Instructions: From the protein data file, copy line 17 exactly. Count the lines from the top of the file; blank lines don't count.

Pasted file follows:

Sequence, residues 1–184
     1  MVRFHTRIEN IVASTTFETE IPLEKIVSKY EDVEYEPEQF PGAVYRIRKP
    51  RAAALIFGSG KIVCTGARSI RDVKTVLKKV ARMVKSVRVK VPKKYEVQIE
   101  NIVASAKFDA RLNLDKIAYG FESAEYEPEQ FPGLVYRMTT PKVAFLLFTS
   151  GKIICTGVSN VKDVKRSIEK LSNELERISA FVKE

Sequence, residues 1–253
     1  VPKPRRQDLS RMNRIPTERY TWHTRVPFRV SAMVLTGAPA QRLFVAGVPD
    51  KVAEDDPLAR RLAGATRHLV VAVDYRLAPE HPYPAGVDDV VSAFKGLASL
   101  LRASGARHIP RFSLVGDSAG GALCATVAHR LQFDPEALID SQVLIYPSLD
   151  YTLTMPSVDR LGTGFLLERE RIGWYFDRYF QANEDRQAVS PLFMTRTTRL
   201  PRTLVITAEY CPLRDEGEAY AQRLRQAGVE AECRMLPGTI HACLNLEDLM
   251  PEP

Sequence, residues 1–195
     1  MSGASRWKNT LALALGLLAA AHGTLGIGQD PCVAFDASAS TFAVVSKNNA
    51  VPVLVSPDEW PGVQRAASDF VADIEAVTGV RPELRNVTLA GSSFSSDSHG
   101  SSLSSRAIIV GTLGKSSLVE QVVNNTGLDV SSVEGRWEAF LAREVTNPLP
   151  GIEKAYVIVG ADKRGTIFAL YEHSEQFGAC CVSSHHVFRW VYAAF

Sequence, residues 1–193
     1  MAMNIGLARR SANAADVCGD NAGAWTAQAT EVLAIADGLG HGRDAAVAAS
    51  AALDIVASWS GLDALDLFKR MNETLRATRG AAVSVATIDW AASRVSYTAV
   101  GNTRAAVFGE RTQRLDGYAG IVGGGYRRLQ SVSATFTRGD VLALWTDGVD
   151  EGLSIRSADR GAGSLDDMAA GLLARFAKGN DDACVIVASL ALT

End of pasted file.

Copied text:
   151  GIEKAYVIVG ADKRGTIFAL YEHSEQFGAC CVSSHHVFRW VYAAF